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We read with great interest the article by Wu et al1 showing that the impact of diet on the composition of the gut microbiota was milder than its impact on metabolites produced by the gut microbiota, in healthy humans. Enteral nutrition is an effective treatment to manage active Crohn's disease (CD) in children.2 CD is known to be associated with gut microbial dysbiosis that is characterised by decreased diversity and imbalances in the intestinal microbiome. Recent evidence indicates that exclusive enteral nutrition (EEN) may affect gut microbiota in children with CD,3 but it remains elusive whether the aforementioned changes may occur independently of disease flares. We thus studied the impact of either EEN with Modulen (EXCL-MOD) or partial enteral nutrition (PEN) with Modulen (MOD) IBD on the bacterial composition of the gut microbiota from children with CD during either remission or active phase.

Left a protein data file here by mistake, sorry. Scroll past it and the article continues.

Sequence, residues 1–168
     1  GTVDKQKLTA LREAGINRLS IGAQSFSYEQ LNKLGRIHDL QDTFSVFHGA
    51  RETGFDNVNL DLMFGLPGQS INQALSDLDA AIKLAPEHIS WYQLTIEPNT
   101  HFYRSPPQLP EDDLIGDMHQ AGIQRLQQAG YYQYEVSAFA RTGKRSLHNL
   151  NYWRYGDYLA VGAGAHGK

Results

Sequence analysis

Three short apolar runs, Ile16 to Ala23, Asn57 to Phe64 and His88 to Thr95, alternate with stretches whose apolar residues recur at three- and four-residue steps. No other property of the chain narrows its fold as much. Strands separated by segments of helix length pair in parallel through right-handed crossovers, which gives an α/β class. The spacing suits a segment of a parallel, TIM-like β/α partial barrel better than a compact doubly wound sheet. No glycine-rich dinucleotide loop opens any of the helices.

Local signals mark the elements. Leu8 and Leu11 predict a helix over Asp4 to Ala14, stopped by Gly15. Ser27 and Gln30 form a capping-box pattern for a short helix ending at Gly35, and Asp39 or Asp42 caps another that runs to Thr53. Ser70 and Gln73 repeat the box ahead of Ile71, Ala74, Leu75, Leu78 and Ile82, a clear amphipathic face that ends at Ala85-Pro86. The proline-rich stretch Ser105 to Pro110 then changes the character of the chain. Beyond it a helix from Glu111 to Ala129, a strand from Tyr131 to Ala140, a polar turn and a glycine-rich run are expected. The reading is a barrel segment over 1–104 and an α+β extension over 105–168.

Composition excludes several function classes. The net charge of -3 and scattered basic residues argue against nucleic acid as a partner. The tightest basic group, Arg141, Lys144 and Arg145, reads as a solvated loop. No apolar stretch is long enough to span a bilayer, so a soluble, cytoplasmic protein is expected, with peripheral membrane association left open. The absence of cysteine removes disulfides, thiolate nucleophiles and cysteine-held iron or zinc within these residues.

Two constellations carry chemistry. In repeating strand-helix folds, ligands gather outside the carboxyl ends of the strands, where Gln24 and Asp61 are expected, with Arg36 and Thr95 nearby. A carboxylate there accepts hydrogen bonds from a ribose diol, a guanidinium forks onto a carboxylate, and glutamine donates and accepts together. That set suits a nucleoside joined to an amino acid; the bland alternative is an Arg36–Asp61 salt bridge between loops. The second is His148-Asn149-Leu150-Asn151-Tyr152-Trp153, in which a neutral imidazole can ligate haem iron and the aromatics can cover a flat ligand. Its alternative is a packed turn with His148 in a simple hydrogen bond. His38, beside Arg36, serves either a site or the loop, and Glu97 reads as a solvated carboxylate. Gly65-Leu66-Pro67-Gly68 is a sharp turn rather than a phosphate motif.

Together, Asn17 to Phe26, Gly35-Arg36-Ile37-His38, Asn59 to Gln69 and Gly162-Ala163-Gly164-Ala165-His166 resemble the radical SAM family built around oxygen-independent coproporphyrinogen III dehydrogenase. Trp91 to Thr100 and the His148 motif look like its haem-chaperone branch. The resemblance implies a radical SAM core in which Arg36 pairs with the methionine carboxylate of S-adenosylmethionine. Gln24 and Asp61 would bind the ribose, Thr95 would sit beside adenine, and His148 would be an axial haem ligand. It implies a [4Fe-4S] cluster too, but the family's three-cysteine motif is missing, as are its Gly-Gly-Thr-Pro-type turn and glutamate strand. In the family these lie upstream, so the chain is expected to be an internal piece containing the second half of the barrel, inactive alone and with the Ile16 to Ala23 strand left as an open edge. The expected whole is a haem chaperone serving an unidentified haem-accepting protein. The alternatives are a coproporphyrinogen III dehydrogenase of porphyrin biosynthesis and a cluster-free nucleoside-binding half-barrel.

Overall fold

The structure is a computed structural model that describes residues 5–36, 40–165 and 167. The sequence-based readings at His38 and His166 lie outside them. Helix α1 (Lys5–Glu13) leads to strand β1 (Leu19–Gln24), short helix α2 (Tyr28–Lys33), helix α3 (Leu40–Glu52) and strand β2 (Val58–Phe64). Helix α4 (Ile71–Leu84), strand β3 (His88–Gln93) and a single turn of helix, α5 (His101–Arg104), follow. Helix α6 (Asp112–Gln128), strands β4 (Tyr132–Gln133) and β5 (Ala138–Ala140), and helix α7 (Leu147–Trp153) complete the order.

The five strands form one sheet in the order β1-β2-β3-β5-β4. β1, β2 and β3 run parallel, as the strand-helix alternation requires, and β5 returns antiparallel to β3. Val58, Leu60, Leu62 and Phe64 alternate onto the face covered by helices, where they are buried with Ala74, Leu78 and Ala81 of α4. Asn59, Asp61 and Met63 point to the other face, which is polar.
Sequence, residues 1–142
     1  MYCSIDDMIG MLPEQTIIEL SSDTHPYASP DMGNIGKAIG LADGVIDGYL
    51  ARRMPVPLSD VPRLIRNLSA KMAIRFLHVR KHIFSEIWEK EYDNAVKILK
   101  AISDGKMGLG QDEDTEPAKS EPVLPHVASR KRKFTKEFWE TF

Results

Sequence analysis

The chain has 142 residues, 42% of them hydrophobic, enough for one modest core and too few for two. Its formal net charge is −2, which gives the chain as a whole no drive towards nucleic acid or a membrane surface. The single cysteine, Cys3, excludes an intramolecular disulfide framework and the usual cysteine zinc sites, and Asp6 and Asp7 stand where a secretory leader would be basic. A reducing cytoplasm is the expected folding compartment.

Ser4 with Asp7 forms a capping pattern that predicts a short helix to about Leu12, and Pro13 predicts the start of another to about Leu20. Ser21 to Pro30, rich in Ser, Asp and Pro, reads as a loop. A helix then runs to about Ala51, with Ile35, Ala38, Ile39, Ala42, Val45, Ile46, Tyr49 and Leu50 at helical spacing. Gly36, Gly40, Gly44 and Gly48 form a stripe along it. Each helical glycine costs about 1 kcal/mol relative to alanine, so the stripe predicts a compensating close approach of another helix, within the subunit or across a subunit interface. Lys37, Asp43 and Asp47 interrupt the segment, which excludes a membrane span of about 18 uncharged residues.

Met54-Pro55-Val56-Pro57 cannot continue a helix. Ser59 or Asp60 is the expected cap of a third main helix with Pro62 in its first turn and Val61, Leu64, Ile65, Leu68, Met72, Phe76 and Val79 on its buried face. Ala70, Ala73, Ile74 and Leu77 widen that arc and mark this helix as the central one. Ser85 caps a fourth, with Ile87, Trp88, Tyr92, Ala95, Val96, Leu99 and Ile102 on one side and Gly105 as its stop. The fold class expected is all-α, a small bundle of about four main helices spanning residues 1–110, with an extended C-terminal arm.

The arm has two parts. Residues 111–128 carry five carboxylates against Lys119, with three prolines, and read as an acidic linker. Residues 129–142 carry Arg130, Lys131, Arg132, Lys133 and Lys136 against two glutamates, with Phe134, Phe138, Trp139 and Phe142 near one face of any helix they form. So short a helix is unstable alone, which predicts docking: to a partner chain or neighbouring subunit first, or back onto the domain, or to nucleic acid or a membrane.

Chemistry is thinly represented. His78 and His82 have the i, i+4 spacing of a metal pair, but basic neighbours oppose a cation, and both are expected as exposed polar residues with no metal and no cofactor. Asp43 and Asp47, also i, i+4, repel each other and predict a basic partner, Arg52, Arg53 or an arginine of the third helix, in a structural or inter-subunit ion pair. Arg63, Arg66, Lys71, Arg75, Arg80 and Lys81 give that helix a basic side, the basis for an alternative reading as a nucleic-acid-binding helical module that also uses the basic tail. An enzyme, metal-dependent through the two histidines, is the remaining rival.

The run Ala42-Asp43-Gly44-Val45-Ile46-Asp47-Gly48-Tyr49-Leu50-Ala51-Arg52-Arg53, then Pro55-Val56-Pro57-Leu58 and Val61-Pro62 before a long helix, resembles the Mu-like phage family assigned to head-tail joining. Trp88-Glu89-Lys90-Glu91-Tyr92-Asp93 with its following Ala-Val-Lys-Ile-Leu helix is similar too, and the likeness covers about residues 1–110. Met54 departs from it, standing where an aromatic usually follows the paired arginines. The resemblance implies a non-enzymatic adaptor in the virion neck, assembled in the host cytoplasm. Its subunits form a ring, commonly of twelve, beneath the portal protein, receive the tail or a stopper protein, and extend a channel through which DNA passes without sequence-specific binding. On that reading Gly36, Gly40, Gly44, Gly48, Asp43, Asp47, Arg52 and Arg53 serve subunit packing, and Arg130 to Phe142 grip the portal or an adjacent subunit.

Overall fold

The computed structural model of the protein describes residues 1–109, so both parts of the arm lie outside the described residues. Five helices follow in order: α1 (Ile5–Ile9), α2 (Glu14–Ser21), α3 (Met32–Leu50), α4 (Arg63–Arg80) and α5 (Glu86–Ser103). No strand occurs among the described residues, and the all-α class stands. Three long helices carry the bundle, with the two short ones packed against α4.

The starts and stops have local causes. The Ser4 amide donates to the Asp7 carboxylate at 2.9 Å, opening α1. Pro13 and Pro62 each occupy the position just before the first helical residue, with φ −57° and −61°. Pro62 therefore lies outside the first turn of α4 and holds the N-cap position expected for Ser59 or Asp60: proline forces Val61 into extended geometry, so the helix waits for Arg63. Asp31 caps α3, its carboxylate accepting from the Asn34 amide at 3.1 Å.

In this single-centre, prospective, observational cohort study, 34 children followed at Nancy University Children Hospital …